Oddments

In search of story


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Connections: October 22.17

I groped for the word: appalling? scary? astonishing? embarrassing? All the above?

This is one of two units in which the stuff of my life is stored. You know, dear reader: stuff? It isn’t life but it becomes life. Doesn’t it? It tells of people you miss. It tells of the daily. It’s the familiar, the comfortable, the personal.

It’s easy to scoff at mere things. They are, after all, temporary. But they are also deeply a part of us. So I stand in absolute terror at the base of this mountain of things. It stretches floor to ceiling and wall to wall — in two units! What will I keep? What must go? How did this happen? What will I do about it all?

But, more important, what do I need? My writing mate Tamara is a minimalist. She and her husband have amazingly pared their life down to necessity. They have by example taught me to re-think ownership. That will enter into this. Also I think I’ve reached a time in life where the letting-go begins. Ironically, a holding-tight happens at the same time. I want to hold tight to memory even as I want to let go of the things that hold the memory.

Thus tension.

I might have a house to go to; I’ll know more in a few days. If so, the whittling begins. Look out for shavings!

 

 

Connections

 

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Connections: October 4.17

Upheaval and chaos

visual din

hazard to elbow

ankle and shin

finally sold

my house inside-out

I’m up to my ears

what am I about?

am I stressed, twitterpated

sleepless? You bet.

Do I know where I’m going?

No! Not yet!

But life has its moments

of precariousness

we just have to hold on

and slog through the mess.

 

 

Connections


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Connections: September 11.17

If dark waters reflect light

does hope persist?

Still on owning darkness

compassion must insist.

If I tell you tomorrow

the sun will surely shine

that makes the loss all yours

and not one iota mine.

I have to share the dark

or my words serve only me

my brilliant advice, my platitudes

condescending mockery.

If I can’t feel with you

your grief and your confusion

the light is mere mirage

a cruel and cold illusion.

 

 

 

We have much loss to face this 9.11 — may we face it squarely.

Connections

 

 


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Vagaries in Gestation: On Being Linear, Part lV, March 16.17

If there are no lines in Nature,

how unnatural is this place?

what narrow box, right-angled well,

what one-eyed vortexed face?

Phantasmic vague stalactites

shadows flat, diffuse

Kafka-like, I morph

into hypotenuse.

Walls and floor and ceiling

and claustophobic me

all sucked into a point

 of squashed infinity.

More thanks to the S.W. Berg Photo Archives.

Vagaries in Gestation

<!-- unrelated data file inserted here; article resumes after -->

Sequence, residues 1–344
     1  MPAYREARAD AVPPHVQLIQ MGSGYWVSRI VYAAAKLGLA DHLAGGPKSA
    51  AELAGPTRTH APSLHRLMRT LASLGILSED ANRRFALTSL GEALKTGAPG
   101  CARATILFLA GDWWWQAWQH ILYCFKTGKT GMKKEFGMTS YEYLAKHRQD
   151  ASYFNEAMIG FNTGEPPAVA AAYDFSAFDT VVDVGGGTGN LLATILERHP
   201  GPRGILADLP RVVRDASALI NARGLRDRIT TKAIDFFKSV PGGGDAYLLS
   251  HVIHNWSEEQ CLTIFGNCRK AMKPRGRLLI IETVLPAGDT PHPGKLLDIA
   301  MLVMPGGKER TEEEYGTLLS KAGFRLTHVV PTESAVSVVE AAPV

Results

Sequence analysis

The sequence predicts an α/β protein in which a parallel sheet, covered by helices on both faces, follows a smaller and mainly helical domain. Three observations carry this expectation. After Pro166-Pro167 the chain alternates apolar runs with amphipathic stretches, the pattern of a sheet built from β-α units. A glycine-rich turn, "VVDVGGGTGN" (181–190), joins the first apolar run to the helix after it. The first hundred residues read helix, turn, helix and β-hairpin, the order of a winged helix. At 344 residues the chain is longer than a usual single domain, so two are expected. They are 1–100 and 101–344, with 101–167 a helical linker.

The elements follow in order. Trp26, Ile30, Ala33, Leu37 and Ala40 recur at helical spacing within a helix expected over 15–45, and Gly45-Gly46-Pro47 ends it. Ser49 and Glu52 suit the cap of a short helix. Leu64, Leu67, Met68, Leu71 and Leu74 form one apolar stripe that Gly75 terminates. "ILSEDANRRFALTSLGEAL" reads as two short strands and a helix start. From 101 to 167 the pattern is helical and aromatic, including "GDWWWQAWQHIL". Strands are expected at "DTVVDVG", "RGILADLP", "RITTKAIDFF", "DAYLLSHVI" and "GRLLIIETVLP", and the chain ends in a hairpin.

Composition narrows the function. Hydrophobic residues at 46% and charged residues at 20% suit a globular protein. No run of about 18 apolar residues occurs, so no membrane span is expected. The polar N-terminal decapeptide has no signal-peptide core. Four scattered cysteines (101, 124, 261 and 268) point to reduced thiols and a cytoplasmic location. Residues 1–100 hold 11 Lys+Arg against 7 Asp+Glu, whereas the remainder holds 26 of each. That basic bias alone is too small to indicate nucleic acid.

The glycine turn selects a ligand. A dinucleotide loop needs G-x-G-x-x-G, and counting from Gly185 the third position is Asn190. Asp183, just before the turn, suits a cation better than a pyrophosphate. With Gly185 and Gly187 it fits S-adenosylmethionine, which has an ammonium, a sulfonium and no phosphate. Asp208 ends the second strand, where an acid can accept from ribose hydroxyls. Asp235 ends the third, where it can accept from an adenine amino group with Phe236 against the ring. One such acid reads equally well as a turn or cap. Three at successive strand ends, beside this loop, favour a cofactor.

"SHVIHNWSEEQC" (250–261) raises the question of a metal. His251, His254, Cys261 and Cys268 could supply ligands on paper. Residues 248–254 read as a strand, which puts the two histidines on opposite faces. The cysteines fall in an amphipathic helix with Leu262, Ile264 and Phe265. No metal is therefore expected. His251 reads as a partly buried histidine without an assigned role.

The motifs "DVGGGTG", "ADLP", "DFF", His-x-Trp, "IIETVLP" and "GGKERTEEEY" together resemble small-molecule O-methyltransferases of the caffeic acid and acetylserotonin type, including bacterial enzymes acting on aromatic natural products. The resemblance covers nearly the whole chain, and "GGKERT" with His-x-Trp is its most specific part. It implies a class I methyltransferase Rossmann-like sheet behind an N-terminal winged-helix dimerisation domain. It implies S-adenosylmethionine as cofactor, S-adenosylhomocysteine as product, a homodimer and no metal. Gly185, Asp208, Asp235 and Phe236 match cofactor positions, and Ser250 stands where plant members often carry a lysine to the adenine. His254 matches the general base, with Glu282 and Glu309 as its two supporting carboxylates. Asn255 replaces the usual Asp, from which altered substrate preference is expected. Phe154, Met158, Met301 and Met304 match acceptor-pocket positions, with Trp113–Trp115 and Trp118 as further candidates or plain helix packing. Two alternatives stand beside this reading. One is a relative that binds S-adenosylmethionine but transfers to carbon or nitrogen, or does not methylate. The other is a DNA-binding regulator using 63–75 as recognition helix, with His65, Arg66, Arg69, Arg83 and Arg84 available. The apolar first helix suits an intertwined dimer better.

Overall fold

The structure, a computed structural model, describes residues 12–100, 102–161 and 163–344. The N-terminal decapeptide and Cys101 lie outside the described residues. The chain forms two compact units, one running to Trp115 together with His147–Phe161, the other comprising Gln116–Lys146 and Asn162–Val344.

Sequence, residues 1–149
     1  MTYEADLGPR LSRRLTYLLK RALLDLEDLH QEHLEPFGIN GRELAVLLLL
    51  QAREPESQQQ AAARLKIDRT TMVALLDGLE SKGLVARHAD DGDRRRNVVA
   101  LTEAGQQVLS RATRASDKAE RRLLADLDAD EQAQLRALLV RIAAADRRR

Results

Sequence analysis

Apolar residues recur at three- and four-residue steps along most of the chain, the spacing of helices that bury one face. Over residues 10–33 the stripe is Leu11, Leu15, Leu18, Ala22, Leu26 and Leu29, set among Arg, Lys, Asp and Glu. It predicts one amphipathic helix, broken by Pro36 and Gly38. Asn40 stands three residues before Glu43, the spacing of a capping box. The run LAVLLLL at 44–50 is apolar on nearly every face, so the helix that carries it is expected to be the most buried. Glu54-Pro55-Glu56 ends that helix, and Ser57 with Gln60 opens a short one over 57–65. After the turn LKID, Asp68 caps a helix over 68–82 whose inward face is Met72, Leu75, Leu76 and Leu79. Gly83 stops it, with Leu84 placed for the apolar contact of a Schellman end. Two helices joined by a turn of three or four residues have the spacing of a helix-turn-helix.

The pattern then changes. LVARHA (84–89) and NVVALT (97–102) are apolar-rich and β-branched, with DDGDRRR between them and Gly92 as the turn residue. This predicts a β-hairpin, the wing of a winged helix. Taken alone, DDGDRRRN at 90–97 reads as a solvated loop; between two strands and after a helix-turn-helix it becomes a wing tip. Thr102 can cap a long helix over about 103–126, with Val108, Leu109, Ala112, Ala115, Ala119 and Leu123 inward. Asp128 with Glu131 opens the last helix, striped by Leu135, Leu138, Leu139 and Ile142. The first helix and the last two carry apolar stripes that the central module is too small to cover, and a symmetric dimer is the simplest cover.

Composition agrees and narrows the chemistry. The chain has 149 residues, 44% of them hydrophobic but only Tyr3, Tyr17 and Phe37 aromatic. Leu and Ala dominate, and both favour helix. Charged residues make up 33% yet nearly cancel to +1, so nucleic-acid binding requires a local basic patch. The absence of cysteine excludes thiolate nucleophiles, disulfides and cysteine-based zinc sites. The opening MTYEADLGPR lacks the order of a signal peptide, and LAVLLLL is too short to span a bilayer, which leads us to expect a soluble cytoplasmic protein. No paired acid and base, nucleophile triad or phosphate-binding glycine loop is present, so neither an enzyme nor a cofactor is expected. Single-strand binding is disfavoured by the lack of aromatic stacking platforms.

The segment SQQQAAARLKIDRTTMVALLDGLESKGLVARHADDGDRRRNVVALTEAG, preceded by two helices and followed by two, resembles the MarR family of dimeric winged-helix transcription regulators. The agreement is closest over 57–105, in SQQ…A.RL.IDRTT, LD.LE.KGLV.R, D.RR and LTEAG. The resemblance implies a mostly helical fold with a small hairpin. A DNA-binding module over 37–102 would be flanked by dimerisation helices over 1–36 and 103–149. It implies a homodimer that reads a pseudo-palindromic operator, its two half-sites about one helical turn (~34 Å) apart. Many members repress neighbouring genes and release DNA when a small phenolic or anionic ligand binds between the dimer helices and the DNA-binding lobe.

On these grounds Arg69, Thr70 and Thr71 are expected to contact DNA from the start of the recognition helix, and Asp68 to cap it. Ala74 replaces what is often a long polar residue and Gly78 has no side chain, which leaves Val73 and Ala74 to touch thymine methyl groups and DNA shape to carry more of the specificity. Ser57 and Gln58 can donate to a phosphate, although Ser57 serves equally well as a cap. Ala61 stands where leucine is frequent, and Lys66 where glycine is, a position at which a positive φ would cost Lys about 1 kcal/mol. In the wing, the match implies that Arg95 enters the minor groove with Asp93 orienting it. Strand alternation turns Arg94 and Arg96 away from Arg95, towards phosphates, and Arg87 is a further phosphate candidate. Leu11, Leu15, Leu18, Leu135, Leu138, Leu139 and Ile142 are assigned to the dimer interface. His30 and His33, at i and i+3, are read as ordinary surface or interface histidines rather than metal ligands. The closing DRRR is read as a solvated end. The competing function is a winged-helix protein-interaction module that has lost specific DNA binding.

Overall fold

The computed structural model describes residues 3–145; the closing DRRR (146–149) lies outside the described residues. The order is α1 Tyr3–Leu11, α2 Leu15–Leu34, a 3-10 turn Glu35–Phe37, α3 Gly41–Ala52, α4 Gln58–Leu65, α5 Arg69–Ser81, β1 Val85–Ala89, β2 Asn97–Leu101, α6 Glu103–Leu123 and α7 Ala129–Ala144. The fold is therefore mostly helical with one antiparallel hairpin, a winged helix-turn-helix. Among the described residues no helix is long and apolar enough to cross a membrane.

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Connections: January 30.17

SANYO DIGITAL CAMERAEpistaxis

word so dressy

but it’s still nosebleed

obnoxious, messy.

I have this thing

called H.H.T.*

commonest symptom

nosebleeds, you see.

So people say

“What a big yawn —

I’ve had nosebleeds

they’ve come and they’ve gone.”

Not for me

with H.H.T.

Instead of blood vessels

with cute little capillaries

I have kinky pretzel-like

vascular vagaries.

Some are big

and some are small

but “older” and “weaker”

apply to them all.

From brain in the north

to legs in the south

the bleed that startles most

is the one in the mouth,

that look to which

I most aspire:

the dripping, sated

happy vampire.

I’m sick and tired

of all the red tissue

but I realize this

really isn’t the issue.

The headlines fill me

with fear and foreboding

the whole bloody mess

is too near exploding.

Epistaxis is just

that last mythic straw

which gets the angst

unstuck from my craw.

*Hereditary Hemorrhagic Telangiectasias, aka Osler-Weber-Rendu Syndrome,

a genetic bleeding disorder I tried to describe previously in In Our Blood.

It’s about a lot more than nosebleeds.

Connections


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Vagaries in Gestation: November 28.16

SANYO DIGITAL CAMERA

Yesterday I drove to the park and, as always, slowed on the adjacent street, where little wiggly people are unloaded from back seats. A car at the curb had its doors open on the street side, so I stopped and waited.

A man stood at the side of the car, arm outstretched, helping someone out. Not a wiggly little person but a ponderously slow older person. A woman. Bundled warmly against the November day, she held his hand tightly. I caught only a brief glimpse of her but I knew. I knew those blank eyes and that empty face. I knew that slight curl inward. I couldn’t swallow because of the lump in my throat and I couldn’t see because of the tears. It all comes back so quickly.

I walked around the park and so did they. No. They did not walk. She moved her feet in that familiar shuffle, achingly slow, leaning hard on him. His baby steps described patience beyond words. Twice I noticed that they stood in embrace, she apparently clinging to him.

There was a slight wind, causing tears to run down my face. I tasted their salt and was grateful for the release.

Caregiving and dementia change people so I cannot say if he were husband or son, but I think son. I think the husband was at the playground with a little granddaughter, he seeking respite which isn’t because there is no respite from dementia. It is merciless in its constancy and as steely cold as the water in the creek.

I stood over the creek yesterday and thought about the cold water that runs through life and the daunting aloneness of those who stand firm in it.

 

 

 

 

Vagaries in Gestation